By Lucy Wyndham –
With 58% of the U.S. workforce expected to be freelancing 10 years from now, according to a Flexjobs blog post, it’s easy to see why more and more people are interested in work-from-home jobs. Despite this positive trend, the sad truth is that cases of fake job scams are increasing by the day. Remote job listings in the last two years alone have increased by 52%, offering scammers an even bigger opportunity to scam unsuspecting job-seekers. With digitization driving the future of work over the next decade, the modern day consumer will need to be more cautious when searching and applying for remote work-from-home jobs. To spot fake work-from-home job offers, here’s what you need to look out for.
Fake job URLs
This work-from-home scam is as normal as you could imagine. You search for available job opportunities and find a listing from a well-known company. But are you visiting the official site or a fake URL? With over 1.4 million phishing websites being created, every month you need to be more cautious when visiting any job listing online. To be on the safe side, make sure to double-check the web address against one that you search online. For instance, back in 2002, scammers used CNBC’s reputation to scam people with a fake URL that seemed related: cnbs4newsworld.com. However, with a quick URL scam check online, anyone would have realized that CNBC doesn’t have such a URL. Look out for additions like “.net” or “inc” to the web name. Always compare job listings with the ones on the company website.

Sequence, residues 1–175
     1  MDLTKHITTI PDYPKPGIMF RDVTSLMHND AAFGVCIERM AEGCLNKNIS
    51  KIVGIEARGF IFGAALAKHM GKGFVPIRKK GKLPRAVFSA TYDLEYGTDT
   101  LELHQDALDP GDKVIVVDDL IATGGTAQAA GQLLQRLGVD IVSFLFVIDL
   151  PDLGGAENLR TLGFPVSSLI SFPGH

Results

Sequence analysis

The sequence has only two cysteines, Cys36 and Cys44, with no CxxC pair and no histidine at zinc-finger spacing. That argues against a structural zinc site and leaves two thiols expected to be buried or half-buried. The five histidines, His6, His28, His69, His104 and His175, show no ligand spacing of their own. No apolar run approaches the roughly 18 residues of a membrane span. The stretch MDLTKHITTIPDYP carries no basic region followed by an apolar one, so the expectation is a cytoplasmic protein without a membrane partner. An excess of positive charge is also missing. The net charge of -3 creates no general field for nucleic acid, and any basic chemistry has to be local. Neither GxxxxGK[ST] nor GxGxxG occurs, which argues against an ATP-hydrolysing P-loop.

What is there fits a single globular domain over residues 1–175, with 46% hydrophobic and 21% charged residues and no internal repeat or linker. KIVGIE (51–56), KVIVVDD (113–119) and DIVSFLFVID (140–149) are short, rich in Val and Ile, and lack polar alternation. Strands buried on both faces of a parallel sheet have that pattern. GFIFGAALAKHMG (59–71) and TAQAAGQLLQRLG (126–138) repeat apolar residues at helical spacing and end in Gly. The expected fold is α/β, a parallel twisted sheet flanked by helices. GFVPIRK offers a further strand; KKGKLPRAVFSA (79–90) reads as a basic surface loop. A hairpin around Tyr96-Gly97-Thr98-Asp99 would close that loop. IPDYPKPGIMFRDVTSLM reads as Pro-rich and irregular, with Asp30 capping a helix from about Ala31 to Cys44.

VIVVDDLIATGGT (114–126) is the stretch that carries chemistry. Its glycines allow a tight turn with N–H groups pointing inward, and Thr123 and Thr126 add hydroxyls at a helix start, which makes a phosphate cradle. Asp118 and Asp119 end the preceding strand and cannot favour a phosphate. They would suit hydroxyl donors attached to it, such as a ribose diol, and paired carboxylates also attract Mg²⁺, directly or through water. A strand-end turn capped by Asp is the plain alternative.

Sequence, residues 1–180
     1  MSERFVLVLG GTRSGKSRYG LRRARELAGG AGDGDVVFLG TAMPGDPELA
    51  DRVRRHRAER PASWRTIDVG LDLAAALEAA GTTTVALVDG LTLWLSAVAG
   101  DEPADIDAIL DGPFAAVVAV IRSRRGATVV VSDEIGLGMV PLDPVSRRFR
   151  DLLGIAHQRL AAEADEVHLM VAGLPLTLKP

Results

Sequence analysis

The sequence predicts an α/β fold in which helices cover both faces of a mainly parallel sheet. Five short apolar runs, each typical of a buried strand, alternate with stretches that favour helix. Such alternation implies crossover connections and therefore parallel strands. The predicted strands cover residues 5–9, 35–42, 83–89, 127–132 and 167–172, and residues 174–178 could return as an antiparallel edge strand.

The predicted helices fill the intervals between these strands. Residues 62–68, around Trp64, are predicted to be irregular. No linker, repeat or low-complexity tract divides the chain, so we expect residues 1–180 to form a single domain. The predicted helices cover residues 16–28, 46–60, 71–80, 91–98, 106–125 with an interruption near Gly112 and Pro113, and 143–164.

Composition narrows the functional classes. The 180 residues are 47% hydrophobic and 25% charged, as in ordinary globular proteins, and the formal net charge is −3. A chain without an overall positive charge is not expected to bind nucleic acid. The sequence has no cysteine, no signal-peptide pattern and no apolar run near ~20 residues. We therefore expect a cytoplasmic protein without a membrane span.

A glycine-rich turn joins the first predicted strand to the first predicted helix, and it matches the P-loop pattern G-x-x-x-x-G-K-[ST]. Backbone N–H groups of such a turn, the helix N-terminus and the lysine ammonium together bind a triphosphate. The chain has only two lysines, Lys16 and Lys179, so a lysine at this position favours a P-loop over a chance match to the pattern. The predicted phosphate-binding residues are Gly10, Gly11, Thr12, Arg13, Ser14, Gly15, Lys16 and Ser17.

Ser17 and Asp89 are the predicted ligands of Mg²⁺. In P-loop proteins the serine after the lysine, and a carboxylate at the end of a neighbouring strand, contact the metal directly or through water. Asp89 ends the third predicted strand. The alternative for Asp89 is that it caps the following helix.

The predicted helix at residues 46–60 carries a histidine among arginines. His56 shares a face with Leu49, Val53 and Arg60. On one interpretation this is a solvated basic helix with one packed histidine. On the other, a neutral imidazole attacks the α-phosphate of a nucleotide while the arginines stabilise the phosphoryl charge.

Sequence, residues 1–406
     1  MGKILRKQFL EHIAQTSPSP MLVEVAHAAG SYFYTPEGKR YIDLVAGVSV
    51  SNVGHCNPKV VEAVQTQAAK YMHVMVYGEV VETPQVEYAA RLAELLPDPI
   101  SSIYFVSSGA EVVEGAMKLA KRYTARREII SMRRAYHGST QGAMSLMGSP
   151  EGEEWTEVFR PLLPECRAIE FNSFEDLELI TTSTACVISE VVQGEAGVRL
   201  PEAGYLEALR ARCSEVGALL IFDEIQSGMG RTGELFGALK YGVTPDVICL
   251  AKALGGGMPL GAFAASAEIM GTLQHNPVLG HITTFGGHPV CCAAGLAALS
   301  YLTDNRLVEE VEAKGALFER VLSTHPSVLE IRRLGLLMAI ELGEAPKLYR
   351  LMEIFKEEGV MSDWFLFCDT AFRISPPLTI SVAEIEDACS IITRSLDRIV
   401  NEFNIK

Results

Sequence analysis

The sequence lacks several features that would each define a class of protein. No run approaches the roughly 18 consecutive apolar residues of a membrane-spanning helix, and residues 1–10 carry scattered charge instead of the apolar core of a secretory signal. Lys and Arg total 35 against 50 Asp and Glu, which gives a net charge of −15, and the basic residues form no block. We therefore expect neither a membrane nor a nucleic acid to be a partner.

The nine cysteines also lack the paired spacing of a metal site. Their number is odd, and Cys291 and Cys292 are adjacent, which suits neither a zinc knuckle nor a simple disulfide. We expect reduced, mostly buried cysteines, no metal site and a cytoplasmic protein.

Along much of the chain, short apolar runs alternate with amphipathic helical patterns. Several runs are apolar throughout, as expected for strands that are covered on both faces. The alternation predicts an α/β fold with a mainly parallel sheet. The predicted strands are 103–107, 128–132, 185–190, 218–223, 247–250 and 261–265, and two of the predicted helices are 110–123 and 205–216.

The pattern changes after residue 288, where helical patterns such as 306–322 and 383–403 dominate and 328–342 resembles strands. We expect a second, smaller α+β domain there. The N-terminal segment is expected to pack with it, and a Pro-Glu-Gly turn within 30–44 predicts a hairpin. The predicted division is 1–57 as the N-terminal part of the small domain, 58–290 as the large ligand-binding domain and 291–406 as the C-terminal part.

Job opportunities from companies you’ve never contacted yourself
This is also one of the most common work-from-home scamming routines. A company contacts you through Linkedin or other reputable job board offering you an enticing work-from-home position. More legit companies are recruiting online, so take your time doing some background checks to know which work-from-home companies are hiring or not. If you’re contacted out of the blue by a company you’ve never contacted personally, applied to or even had a previous interaction with, that should be a red flag. In most cases, scammers will give you a short deadline to deliver the work and offer a substantial increase in pay or a good pay-per-hour offer that makes it even harder for you to think critically about the job offer.
Conducting interviews via chat
When a potential employer asks to conduct the interview via chat – again, that’s another tip-off that stems from numerously reported scams. If a company purely contacts you through online chat, that could be a clear indication that it’s fraudulent. If a potential job offers states that they will communicate to you through chat, ask to talk by phone and go a step further to verify their web address as well as their contact information. Another clue is looking out for any grammatical, spelling or punctuation errors in the job offer. While there are lots of online working opportunities paying well, it’s always good to do your own research before accepting to work with any work-from-home company.
If you’re not sure about a company, do an online search and find reviews or complaints about the company. Learning how to spot fake work-from-home job offers can save you a great deal of stress and even money lost to scammers. By following these few pointers, you should have no trouble getting a legitimate work-from-home job.